Stratom to add capabilities to APL in support of the U.S. Marine Corps

Stratom's APL is an autonomous system that can be used to transport heavy and bulky cargo across various terrains.
Stratom’s APL is an autonomous system that can be used to transport heavy and bulky cargo across various terrains. | Source: Stratom

Stratom last week announced the advancement of its Autonomous Pallet Loader’s (APL’s) capabilities in support of the U.S. Marine Corps. The company says this next phase of development builds on previous successful technology demonstrations. 

The Boulder, Colo.-based company said these new capabilities will have an emphasis on maturing the integration of Stratom’s Summit autonomy architecture, or software, onto the APL. Summit is Stratom’s off-road autonomy platform. 

Lighter weight and improved autonomy

“This contract allows us to continue optimizing the APL platform for autonomous operations, including pallet pickup, dropoff and transport at the tactical edge — in harsh and remote locations,” Mark Gordon, Stratom’s president, said. “Our key focuses are achieving weight savings and autonomy enhancements to enable aircraft transportability and ultimately free Marines to focus on mission-critical tasks.”

Statom’s APL is a rugged, autonomous forklift. The company designed it to navigate through challenging terrains and deliver large quantities of supplies at scale. The company says the APL is safer, weighs less, and greatly reduces cycle times when compared to existing fielded material handling equipment. Additionally, it reduces aircraft fuel waste and minimizes operational personnel through the implementation of key robotic and autonomous capabilities.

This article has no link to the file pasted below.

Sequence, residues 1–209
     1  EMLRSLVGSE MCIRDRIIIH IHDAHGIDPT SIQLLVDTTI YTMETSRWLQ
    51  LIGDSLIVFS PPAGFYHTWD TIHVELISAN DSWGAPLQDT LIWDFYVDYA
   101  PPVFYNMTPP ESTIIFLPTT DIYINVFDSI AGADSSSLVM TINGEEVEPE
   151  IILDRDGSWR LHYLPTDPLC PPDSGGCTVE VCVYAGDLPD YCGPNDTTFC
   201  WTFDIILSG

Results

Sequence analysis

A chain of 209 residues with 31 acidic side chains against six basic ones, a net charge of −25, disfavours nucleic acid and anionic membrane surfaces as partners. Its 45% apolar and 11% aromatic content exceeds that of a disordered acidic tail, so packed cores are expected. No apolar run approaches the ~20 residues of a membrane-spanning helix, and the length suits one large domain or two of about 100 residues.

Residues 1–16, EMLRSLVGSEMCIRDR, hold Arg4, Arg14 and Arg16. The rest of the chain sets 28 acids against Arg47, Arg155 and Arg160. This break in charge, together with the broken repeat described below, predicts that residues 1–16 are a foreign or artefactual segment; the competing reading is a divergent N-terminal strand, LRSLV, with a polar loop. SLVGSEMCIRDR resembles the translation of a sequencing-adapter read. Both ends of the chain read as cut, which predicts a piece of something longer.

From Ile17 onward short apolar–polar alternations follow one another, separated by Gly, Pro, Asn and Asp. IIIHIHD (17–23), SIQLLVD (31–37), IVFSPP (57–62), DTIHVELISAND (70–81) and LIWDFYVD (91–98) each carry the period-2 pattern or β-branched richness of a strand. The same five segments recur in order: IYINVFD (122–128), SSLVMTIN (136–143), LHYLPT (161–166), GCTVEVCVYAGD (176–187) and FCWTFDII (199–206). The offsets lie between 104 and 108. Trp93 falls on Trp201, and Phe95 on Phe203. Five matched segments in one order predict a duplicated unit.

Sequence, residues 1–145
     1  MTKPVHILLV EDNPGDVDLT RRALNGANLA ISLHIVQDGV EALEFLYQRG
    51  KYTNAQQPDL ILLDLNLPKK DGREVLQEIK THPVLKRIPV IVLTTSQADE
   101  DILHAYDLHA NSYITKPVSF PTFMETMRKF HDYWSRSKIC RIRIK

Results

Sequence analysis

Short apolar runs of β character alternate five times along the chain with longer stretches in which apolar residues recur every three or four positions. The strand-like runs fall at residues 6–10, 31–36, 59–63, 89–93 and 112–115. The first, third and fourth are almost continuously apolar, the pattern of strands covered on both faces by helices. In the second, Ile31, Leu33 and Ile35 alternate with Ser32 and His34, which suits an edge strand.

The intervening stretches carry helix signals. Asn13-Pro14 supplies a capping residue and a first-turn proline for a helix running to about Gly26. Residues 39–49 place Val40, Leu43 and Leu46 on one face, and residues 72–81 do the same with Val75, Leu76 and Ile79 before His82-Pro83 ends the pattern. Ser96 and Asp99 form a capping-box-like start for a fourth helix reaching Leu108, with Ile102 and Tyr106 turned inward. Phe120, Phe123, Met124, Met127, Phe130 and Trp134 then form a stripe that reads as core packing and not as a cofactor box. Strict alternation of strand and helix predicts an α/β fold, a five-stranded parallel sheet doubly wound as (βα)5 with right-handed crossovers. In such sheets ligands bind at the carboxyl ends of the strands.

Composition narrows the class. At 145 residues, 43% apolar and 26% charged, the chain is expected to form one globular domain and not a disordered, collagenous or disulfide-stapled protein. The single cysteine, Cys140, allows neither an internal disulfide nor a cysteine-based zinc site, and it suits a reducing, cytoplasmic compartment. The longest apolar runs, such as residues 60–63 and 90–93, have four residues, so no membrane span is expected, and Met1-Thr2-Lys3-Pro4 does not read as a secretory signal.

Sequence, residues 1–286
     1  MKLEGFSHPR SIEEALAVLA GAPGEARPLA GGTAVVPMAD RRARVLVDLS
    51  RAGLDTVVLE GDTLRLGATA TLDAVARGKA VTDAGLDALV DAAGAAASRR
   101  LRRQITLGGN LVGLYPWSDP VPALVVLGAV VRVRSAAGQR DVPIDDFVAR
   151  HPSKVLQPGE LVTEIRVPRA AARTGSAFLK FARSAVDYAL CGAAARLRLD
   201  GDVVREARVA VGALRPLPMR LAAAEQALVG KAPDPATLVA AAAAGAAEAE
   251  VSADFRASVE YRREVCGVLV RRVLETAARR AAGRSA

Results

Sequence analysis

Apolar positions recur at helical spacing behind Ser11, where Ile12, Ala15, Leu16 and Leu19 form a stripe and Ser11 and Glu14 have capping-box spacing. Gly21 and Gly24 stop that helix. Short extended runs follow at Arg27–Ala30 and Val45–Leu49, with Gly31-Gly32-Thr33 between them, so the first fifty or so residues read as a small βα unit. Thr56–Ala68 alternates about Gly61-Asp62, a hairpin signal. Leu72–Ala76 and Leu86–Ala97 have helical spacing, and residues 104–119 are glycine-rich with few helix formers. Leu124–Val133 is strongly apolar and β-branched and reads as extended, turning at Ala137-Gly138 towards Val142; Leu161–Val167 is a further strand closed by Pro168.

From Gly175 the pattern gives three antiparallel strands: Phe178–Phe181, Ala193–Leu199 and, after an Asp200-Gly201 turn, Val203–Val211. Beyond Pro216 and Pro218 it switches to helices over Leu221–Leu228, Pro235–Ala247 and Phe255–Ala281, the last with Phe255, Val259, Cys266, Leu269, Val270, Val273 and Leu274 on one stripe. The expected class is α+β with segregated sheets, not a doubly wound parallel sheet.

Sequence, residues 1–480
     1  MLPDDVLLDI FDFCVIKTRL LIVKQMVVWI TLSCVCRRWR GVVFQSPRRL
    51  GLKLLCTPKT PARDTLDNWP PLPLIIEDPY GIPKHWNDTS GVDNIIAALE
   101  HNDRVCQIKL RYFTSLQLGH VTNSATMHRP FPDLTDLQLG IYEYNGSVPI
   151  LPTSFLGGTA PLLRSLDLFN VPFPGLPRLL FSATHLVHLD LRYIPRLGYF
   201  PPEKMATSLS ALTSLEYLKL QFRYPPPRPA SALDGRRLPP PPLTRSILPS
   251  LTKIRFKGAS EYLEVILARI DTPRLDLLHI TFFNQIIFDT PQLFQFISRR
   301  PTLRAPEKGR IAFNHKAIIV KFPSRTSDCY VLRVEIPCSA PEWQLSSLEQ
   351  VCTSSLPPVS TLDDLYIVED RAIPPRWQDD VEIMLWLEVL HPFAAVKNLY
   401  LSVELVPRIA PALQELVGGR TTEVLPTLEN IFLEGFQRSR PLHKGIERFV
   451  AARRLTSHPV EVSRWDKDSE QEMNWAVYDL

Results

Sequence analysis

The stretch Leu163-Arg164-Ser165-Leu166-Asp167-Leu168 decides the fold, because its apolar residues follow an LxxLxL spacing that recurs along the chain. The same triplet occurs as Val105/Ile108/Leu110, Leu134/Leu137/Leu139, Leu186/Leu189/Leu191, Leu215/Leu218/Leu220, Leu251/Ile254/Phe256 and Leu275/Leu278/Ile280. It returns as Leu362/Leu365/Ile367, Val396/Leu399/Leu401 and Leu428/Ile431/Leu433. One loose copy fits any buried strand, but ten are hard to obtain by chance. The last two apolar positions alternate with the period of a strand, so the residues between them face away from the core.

Founded in 2001, Stratom is a developer of autonomous ground vehicles and robotic systems for logistics and operational applications. It specializes in autonomous cargo movement, robotic refueling, robotic hazardous liquid transfer, and autonomous mobile robots (AMRs). 

Stratom to prioritize two key objectives

Stratom says it has already secured joint support within the Defense Department. The autonomous system aims to reduce the burden on Marines in the field. It can boost speed, adaptability, and safety when users are handling 463L aircraft pallets, wooden pallets, and large munitions. 

In this phase of the project, Stratom says it will prioritize two key objectives. The first is hardware design updates that aim to improve performance and durability, reduce vehicle weight, increase compatibility, and ensure flight certification readiness. The second is Summit software integration to expand the system’s autonomous capabilities. 

“Summit’s exceptionally configurable and modular autonomy architecture allows us to easily integrate advanced behaviors like waypoint navigation, obstacle avoidance, cargo pickup and dropoff, cross-docking, embarkation, and geofencing adherence,” Andrew Lycas, principal roboticist at Stratom, said. “This inherent versatility enables the APL to tackle a wide range of contested logistics missions requiring autonomous heavy payload handling in complex, GPS-denied environments, further bolstering the military’s logistical capabilities.”

Beyond the Marine Corps, Stratom says the multipurpose APL has drawn interest from the USTRANSCOM, USCENTCOM, Air Force, and Army for autonomous resupply, cargo movement, and other logistics applications. 

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Automated Warehouse staff